To The Editor: In their most recent report of the Heart and Soul Study, published in the September 2007 issue of the Journal, Christian Otte, M.D., et al. documented an association between carriage of the s allele of the serotonin transporter polymorphism (5-HTTLPR) and elevated urinary norepinephrine levels (1) and, by inference, sympathetic nervous activation. This is an important observation and may explain the elevated cardiac risk in patients with major depressive disorder. Activation of the sympathetic outflow to the heart occurs in patients unexpectedly developing ventricular tachycardia and ventricular fibrillation (2). Chronic sympathetic nervous activation may exert a trophic effect on cardiovascular growth, contributing to the development of left ventricular hypertrophy (3), which is an independent risk factor for cardiovascular morbidity and mortality (4). Unfortunately, Dr. Otte et al. did not document the presence or absence of left ventricular hypertrophy in their cohort (1).
It is important to appreciate that human sympathetic nervous activity is regionalized, with the outflow to some organs, such as the heart, sometimes being preferentially activated. Indeed, preferential activation of the cardiac sympathetic outflow occurs with experimental mental stress (5). Urinary norepinephrine levels provide, at best, an imprecise index of global sympathetic nervous function. Using direct cardiac catheterization techniques coupled with norepinephrine isotope dilution methodology, we have recently demonstrated that sympathetic activity in patients with major depressive disorder follows a bimodal distribution, with values in some patients being extraordinarily high (6). The degree of cardiac sympathetic activity in the “high” major depressive disorder group was comparable with that observed in subjects following laboratory mental stress (5). Following selective serotonin reuptake inhibitor therapy, sympathetic nervous activity was significantly reduced only in those patients with excessively elevated sympathetic tone. Whether the bimodality in sympathetic activity in major depressive disorder that we observed was associated with the s or l allele of the 5-HTTLPR remains unknown but obviously merits attention.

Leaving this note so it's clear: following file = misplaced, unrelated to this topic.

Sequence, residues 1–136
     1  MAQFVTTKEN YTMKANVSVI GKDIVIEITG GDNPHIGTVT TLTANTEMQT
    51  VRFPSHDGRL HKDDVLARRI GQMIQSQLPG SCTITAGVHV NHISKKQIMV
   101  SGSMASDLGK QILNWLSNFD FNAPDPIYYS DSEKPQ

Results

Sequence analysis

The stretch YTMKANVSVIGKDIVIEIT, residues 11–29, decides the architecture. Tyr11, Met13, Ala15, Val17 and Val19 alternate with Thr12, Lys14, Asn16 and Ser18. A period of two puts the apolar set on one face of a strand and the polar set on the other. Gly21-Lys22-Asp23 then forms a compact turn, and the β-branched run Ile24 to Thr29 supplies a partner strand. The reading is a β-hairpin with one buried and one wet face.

The authors report no competing interests.
This letter (doi: 10.1176/appi.ajp.2007.07091377) was accepted for publication in September 2007.